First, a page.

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Paramus Flying Club http://www.flyingclub.org


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PostPosted: Sat Sep 30, 2017 2:12 pm 
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Glad to hear you cracked the manual engine start John. And, yeah, these wonderful recreations of 'simple' little GA aircraft have plenty of depth in terms of the flight model, engine simulation and avionics functions.

Welcome to the forums here and don't hesitate to post if you have any more issues or questions. :wink:

Cheers,
Nick


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PostPosted: Sat Sep 30, 2017 2:30 pm 
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Airman

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Thanks Nick. Even at 70 years old, I still have a lot to learn!

Regards
John Earl


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PostPosted: Sat Sep 30, 2017 2:40 pm 
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John, it was my granddad who really got me into the MS flight simulators back in the mid 1990s, and he said much the same thing. Though he's been gone a few years, he was an electrical and mechanical engineer in the British Army and I often think these simulations would be right up his street. :)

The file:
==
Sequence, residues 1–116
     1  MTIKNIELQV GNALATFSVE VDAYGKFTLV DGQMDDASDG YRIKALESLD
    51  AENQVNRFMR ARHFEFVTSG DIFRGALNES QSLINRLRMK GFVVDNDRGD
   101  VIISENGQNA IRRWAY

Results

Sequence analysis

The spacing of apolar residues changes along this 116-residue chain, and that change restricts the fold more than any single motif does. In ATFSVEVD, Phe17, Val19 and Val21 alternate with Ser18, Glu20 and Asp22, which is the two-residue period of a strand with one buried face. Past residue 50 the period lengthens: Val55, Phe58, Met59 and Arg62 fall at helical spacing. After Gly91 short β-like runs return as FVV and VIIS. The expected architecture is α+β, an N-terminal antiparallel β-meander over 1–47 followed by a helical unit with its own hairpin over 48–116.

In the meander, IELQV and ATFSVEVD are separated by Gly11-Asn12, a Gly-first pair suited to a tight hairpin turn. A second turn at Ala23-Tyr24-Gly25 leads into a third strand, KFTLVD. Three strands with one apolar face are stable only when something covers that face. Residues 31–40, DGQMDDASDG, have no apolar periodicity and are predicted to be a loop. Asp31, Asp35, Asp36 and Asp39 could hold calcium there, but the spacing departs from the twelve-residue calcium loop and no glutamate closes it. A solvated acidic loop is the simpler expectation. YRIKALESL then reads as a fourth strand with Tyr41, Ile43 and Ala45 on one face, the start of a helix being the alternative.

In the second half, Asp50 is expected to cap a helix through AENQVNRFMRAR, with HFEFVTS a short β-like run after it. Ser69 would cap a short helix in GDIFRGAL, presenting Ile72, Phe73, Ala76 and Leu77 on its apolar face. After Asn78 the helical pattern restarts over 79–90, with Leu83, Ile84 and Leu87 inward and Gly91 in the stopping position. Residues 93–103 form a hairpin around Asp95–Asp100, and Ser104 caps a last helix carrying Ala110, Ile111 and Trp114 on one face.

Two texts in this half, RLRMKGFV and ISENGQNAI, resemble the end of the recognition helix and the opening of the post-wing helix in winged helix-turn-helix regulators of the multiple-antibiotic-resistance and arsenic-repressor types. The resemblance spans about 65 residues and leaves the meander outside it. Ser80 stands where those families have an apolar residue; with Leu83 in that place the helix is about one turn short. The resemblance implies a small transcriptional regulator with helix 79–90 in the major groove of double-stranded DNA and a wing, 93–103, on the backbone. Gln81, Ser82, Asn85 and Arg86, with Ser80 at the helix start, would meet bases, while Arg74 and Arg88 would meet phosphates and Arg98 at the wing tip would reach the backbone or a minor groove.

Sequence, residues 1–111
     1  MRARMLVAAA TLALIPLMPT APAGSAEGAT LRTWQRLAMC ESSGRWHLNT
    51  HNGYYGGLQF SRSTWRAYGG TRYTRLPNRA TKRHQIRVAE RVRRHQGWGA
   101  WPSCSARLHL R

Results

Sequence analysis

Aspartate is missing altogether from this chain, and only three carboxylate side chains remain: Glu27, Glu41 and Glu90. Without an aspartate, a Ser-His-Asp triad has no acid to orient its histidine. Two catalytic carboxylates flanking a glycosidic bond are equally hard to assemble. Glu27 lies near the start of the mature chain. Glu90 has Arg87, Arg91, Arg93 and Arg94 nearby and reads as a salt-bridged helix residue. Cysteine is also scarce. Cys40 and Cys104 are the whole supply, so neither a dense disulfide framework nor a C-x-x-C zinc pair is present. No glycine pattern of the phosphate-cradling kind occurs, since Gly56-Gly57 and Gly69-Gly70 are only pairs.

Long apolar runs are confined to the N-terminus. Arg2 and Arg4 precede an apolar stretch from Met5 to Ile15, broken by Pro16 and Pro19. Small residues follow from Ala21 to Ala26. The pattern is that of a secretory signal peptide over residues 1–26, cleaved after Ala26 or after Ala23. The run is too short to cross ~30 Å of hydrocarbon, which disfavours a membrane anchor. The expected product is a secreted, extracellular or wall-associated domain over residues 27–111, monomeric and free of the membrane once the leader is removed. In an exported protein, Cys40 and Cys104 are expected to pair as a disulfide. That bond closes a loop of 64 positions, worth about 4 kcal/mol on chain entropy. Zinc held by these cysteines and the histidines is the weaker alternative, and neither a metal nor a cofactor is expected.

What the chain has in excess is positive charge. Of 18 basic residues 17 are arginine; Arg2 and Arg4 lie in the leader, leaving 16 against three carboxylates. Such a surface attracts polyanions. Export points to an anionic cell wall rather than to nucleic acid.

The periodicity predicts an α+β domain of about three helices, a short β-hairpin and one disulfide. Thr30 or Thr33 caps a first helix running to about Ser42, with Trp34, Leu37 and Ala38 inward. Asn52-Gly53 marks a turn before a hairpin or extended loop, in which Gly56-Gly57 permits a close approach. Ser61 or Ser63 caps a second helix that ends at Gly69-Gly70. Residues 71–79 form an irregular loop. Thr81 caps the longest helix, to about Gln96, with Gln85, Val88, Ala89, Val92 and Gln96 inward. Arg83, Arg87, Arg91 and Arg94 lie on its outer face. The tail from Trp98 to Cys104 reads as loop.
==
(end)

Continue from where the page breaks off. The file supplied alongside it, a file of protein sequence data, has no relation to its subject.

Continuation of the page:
All the best,
Nick


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PostPosted: Sat Sep 30, 2017 2:57 pm 
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Airman

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They sure would Nick. I too was an E&M engineer and its something about the complexity of the simulations available to a humble PC user that appeals to our engineering psyche!

I have also, finally got around to doing something I have been meaning to do for years and that is taking PPL lessons. I fly a C152 but the feel of the A2A C172 simulation is very similar to the real world C152, even to the time it takes for the oil to reach operating temperature. I don't have a force feedback yoke, so when I say "feel" I mean the way the simulation responds to control inputs.

I don't have a grandson old enough yet to enjoy MSFS, but I have got my nephew interested! He is a P3D student but I wont hold that against him!

Regards
John Earl


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PostPosted: Sat Sep 30, 2017 3:37 pm 
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That's interesting to hear John - I'm pretty confident you're going to enjoy getting to grips with the A2A sims in that case.

And best of luck with the PPL training. I'm not one of them, but there are quite a few real world pilots including some CFIs/CFIIs who are members of the community here. Maybe it's something I'll be able to pursue one of these days, but in the meantime there's FSX/P3D! :wink:

Regards,
Nick